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Can becoming a permanent resident of another country hurt my Cyprus permanent residency?

I am a citizen of Jordan and permanent resident of Cyprus. I am ultimately looking to immigrate to the United States, however, using the American EB-5 program, which will give me U.S. permanency residency at first. Will this make me lose my Cypriot permanent resident permit? Also, is it true if I don’t visit Cyprus for a period of time, I can lose my residency? What options do I have? I don’t want to lose my residence I bought there.

  • Vasiliou Law
    May 02, 2019

    As a holder of a permanent residency, you and your family members should visit Cyprus at least once every two years. In different case PR will not remain valid. Regarding obtaining another PR, I would suggest to receive a confirmation from the relevant ministry, as it is not clear how it will affect your Cyprus PR.

  • Giorgos Landas LLC
    March 29, 2019

    If the permanent residence has been acquired through the purchase of property, the applicant has the obligation to visit Cyprus at least once every two years. If the applicant does not visit Cyprus once in every two years, the Cypriot authorities have the right to recall the resident permit. In such a case the applicant (if she/he wishes so), can apply again and undergo the whole procedure and examination. Permanent residency of another country does not affect the permanent residency in Cyprus that is acquired through purchase of property.

  • Meridian Trust - Corporate and Fiduciary Services Limited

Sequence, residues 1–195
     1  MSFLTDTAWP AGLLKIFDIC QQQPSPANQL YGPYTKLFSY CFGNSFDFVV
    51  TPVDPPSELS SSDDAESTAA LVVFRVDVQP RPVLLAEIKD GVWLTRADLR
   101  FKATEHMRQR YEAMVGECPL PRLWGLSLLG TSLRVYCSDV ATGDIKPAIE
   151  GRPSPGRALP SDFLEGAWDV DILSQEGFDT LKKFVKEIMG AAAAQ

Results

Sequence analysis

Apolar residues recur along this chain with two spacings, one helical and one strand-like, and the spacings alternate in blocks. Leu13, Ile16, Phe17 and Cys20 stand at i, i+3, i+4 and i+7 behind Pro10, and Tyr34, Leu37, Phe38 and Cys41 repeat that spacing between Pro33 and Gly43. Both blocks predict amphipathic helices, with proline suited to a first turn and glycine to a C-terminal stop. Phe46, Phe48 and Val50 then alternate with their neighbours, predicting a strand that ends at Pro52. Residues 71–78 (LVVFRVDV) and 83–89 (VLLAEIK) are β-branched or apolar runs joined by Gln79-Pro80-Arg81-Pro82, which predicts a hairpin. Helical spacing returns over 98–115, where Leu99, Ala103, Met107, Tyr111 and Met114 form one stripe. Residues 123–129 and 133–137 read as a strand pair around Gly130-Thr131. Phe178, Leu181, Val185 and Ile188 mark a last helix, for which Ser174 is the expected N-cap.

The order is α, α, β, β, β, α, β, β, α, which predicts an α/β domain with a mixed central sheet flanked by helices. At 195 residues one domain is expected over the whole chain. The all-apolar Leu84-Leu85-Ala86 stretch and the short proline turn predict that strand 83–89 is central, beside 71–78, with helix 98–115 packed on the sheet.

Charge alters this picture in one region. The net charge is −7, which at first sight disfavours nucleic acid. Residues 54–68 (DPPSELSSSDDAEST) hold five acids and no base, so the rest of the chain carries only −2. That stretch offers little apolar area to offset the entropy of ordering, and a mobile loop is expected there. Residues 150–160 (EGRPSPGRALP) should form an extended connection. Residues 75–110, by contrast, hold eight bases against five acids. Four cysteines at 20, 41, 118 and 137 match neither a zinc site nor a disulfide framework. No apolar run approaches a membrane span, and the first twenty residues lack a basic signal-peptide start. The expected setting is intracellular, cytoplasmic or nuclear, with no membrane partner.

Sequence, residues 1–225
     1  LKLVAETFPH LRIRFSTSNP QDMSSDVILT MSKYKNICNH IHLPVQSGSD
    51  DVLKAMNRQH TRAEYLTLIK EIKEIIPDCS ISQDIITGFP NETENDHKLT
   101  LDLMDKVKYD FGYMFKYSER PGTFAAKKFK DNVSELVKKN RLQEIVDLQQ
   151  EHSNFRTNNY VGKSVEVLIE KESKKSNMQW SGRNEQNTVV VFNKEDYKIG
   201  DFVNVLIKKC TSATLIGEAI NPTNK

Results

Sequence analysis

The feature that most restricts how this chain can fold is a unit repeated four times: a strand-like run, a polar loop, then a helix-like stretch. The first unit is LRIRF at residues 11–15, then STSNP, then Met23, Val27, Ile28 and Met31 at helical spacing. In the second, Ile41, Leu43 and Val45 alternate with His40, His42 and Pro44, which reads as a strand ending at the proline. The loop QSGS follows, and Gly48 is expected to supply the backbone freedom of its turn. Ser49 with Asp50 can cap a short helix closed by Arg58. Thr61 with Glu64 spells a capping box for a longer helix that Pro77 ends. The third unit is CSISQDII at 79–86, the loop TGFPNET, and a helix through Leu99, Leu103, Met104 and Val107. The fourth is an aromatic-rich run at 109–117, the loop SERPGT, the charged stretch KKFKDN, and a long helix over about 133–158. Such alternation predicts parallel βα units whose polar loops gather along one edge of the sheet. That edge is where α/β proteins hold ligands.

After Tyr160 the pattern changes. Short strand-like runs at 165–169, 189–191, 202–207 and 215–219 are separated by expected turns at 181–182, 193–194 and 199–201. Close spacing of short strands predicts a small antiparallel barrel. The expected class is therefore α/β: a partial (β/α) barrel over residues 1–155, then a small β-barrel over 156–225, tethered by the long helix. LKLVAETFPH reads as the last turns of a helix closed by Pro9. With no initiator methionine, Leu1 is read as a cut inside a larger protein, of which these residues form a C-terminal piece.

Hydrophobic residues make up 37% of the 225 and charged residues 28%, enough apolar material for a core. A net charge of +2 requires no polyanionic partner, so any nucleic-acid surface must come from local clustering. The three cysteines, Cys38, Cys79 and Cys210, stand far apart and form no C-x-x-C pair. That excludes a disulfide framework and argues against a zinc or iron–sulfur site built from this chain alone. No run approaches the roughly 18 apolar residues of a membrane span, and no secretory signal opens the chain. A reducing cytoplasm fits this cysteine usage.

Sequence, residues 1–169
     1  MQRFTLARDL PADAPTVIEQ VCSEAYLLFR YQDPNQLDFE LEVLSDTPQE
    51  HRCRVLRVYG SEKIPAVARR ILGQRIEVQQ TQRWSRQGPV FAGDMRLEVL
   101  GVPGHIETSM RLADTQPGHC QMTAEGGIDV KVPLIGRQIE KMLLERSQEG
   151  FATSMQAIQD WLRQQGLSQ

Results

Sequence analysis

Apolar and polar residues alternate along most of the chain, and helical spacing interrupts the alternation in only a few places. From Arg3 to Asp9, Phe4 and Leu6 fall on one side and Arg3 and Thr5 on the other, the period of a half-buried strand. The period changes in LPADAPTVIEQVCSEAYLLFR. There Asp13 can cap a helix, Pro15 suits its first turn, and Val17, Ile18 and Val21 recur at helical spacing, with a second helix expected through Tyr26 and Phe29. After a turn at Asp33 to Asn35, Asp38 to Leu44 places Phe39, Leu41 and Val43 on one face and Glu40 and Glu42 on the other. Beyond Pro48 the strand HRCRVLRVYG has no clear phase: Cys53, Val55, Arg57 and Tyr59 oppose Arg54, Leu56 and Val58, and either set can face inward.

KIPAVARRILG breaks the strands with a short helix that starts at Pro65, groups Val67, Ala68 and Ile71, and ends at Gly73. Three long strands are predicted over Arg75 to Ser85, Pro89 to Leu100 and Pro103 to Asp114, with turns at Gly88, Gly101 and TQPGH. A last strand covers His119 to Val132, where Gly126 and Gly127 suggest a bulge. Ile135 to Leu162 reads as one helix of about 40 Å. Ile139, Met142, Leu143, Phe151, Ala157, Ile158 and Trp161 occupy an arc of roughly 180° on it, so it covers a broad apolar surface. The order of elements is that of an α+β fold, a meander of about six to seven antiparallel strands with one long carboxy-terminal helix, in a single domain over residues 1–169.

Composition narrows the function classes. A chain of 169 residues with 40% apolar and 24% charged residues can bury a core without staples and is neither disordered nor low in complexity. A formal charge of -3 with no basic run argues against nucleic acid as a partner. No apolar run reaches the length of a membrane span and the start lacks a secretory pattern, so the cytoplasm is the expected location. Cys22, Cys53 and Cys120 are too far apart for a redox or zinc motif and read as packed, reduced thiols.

March 29, 2019

    They may be cancelled when the holder of such permit remains outside the republic of Cyprus for over two years and obtains a permanent resident permit in another country. The permanent resident permit holder must visit Cyprus at least once every two years.

  • Fidescorp Chartered Accountants
    April 01, 2019

    Getting a second (or third) residency does not automatically create any problem for your Cyprus residency. However, you will need to be declaring your main residence to various authorities. Further, visiting Cyprus at least once every two years is required in order to maintain your status.

  • P. Angelides & CO LLC
    March 29, 2019

    Once the PRP (permanent residency) has been granted, successful applicants must visit Cyprus within one year to obtain the actual permit and have biometrics taken by the authorities (for issuance of PR card), and subsequently once every two years thereafter. But when can a PRP be revoked When the PRP holder was granted a permanent resident permit in another country (other than the country of his nationality); when the PRP holder does not visit Cyprus for a period longer than two years. By obtaining a U.S. permanent resident permit you are at risk of the Cyprus authorities revoking your residency in Cyprus. Also, if you do not visit Cyprus for a period longer than two years your permit will be revoked. Unfortunately, performing any of the above puts you at risk of losing your residency in Cyprus. The only way to surpass the above is to obtain U.S. citizenship, which does not violate the above criteria for revocation.

  • Yiannis Papazacharia LLC
    April 03, 2019

    Cancellation of the permit will occur if the holder of such a permit stays outside of the republic of Cyprus for more than two years. Therefore, the holder of a migration permit should visit Cyprus at least once every two years. The same applies to the dependent members of his family who should also visit Cyprus at least once every two years. Absence of the permit holder from the republic of Cyprus for a period of more than two consecutive years leads to annulment of his permit, which also affects his dependents irrespective of whether they visit Cyprus more frequently. In such a case it is necessary for the initial applicant to submit a new application. In cases where any of the dependents do not visit Cyprus for more than two years, the permit is annulled but it can be renewed by resealing the passport and payment of a specific fee. The two-year period begins from the date of stamping the applicant’s and dependents’ passports.